Pulmonary edema

Pulmonary edema is a condition in which excess fluid collects in the air sacs of the lungs. This fluid makes it very difficult to breathe and can lead to serious complications. In many cases, pulmonary edema is caused by heart problems, but there can be other issues behind this condition, such as medication, pneumonia, being exposed to some specific toxins and poisons, and even living and exercising in areas of high elevation. Unlike some conditions, pulmonary edema develops very rapidly, and it requires immediate medical care. If you are treated right away, the outlook is very good, but if you do not seek medication attention, pulmonary edema can prove fatal. The treatment varies depending on what caused the condition, but in most cases, it includes medication and perhaps even supplemental oxygen.

Pulmonary edema is caused when the small air sacs in the lungs, called alveoli, fill with fluid instead of with oxygen. This fluid can come from several different things, but most are related to the heart. Congestive heart failure is the most common cause of the fluid. When the heart isn’t strong enough to pump out the blood it receives from the lungs, this fluid is pushed back into the lungs and ends up in the air sacs. Other conditions that may cause fluid in the lungs include lung infections, smoke inhalation, kidney disease, exposure to some toxins, a reaction to medication, acute respiratory distress syndrome, and even exposure to high altitudes.

The symptoms of pulmonary edema may develop at different speeds depending on what the underlying cause of it is. Symptoms that develop over time include shortness of breath, a loss of appetite, fatigue, and difficulty breathing when lying down. Often, you may wake up at night feeling out of breathe but feel better after sitting up. Rapid weight gain can also occur due to congestive heart failure.

There are other symptoms that can occur suddenly, and they include wheezing, extreme difficulty breathing, feeling like you’re suffocating, anxiety, having chest pain, heart palpitations, coughing up frothy spittle that may or may not be spotted with blood, and excessive sweating. If you’re living at a high altitude, you may also experience coughing, a shortness of breath, insomnia, fluid retention, and headaches.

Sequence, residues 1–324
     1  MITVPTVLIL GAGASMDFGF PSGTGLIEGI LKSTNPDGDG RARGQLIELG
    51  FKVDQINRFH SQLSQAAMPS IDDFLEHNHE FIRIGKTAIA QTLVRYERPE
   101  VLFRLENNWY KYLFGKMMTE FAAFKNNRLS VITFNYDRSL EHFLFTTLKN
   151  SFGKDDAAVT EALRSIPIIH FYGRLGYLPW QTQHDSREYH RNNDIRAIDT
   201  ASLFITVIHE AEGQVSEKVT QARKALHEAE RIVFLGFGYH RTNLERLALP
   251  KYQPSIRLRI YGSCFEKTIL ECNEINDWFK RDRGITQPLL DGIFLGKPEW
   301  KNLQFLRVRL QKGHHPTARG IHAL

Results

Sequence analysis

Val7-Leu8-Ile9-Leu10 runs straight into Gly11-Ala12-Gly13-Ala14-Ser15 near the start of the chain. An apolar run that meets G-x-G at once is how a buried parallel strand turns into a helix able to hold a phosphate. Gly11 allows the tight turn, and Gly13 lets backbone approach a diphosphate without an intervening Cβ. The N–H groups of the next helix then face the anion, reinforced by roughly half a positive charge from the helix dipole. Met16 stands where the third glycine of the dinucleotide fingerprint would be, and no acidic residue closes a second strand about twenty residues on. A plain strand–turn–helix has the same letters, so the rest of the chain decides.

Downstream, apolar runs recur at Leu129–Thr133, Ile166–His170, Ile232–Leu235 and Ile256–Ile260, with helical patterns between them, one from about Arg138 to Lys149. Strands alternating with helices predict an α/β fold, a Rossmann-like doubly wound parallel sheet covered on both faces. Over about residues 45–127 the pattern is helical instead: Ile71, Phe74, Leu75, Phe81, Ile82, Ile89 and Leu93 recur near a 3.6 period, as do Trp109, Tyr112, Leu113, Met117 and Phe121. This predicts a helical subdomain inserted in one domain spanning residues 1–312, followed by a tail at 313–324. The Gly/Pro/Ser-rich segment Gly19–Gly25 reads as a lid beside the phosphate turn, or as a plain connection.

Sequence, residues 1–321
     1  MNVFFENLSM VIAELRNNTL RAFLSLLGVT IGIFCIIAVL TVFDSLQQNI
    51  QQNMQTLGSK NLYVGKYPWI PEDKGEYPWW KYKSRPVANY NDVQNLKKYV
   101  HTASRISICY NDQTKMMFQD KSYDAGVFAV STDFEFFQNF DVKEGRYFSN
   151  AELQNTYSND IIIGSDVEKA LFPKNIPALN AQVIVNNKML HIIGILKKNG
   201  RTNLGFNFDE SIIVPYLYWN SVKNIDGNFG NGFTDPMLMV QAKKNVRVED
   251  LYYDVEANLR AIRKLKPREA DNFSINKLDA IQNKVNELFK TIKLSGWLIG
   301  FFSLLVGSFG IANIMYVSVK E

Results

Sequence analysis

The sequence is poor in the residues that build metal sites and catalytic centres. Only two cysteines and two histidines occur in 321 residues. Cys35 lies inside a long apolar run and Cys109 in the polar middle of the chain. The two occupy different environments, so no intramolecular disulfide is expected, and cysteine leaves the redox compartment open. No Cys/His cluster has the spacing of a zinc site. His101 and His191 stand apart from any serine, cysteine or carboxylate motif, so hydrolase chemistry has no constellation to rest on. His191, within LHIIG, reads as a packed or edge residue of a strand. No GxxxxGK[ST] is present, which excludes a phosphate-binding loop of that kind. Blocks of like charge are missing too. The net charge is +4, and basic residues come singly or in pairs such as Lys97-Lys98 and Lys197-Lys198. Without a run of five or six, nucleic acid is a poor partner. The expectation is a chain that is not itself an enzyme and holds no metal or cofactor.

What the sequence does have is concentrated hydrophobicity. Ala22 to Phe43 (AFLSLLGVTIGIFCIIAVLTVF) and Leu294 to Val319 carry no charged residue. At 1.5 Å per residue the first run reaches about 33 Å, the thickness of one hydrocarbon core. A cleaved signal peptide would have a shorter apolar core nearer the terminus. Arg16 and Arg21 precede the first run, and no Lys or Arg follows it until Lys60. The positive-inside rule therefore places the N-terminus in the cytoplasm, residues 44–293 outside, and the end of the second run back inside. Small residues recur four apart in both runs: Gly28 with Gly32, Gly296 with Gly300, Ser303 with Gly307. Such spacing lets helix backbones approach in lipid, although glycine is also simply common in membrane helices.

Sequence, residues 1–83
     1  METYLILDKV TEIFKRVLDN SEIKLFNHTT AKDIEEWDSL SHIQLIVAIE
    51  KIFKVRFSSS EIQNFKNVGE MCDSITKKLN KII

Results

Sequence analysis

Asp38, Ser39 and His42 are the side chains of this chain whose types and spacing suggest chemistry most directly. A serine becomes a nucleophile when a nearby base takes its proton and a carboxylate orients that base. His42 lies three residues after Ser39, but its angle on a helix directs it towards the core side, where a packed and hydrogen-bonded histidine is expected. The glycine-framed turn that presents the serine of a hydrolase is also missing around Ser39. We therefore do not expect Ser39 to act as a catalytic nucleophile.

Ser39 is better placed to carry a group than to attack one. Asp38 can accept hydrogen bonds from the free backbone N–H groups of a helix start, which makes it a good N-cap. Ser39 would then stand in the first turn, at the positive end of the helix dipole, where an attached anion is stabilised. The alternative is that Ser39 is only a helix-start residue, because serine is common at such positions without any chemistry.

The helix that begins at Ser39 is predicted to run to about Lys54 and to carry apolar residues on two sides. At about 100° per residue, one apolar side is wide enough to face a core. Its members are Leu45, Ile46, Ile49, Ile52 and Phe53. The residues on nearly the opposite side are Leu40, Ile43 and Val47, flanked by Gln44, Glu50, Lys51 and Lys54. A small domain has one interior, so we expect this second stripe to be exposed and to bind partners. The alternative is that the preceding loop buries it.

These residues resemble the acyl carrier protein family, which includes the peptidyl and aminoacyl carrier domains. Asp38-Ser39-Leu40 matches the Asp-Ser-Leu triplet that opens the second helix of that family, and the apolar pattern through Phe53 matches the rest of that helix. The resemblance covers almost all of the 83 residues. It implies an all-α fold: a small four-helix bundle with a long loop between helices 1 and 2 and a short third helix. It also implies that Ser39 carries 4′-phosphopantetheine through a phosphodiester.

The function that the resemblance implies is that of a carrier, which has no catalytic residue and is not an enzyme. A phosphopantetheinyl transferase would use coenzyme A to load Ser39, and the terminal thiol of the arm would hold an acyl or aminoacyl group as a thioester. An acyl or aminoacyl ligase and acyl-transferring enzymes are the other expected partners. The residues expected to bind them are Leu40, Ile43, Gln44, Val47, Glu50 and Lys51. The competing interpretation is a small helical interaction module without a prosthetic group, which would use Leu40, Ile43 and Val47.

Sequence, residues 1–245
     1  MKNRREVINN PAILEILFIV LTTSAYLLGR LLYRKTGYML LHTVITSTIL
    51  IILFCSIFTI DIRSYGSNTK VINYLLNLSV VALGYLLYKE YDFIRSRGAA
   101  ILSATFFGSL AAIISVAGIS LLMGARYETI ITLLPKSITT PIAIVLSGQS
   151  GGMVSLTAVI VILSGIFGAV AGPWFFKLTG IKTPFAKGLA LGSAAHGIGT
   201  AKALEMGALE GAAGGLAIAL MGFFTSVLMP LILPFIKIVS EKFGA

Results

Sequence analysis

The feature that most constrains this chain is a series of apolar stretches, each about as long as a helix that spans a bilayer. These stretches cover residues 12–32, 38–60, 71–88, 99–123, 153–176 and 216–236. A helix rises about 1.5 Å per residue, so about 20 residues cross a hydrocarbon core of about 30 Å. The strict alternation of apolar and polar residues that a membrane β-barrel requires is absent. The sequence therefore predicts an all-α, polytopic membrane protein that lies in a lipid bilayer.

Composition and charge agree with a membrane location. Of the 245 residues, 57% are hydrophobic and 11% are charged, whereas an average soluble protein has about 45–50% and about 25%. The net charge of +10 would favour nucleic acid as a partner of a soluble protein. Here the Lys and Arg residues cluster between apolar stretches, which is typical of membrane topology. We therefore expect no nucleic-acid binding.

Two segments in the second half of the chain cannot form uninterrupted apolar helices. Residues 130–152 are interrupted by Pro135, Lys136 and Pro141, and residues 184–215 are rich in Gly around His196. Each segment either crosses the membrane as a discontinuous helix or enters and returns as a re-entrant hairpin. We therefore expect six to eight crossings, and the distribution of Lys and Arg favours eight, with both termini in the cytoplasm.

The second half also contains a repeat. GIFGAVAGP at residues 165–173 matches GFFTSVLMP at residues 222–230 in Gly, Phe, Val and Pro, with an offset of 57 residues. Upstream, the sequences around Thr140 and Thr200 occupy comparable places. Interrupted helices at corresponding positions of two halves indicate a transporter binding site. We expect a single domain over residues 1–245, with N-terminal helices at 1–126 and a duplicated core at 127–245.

These symptoms can all be alarming, but there are several that acute signs that indicate a serious health risk. If you have trouble breathing, a wheezing when you breathe, pink spittle, a blue/gray look to your skin, or a major drop in your blood pressure, you should seek medical attention right away. The same goes if your pulmonary edema symptoms take a sudden turn for the worst. Because you could possibly pass out from difficulty breathing, do not drive to the hospital yourself. Instead, have someone else drive you or call for emergency medical assistance.

Complications that can arise from pulmonary edema include swelling in the legs and abdomen, swelling and congestion in the liver, and fluid building up in the membranes around the lungs.

As far as treatment goes, the first step is to immediately get supplemental oxygen. This helps breathing and can ease the symptoms. Following this, doctors may do several things. First, they may give you one of several different medications, including medication to clear the fluid in the lungs, help you breathe, and provide relief to your lungs and heart. They may also put you on blood pressure medication if your blood pressure is too high or too low. For those dealing with high altitude pulmonary edema, taking oxygen and descending several thousand feet should immediately clear up the symptoms. In some cases, a rescue helicopter may be necessary if the symptoms are too strong.

Last updated on Dec 31st, 2009 and filed under Respiratory Diseases. Both comments and pings are currently closed.

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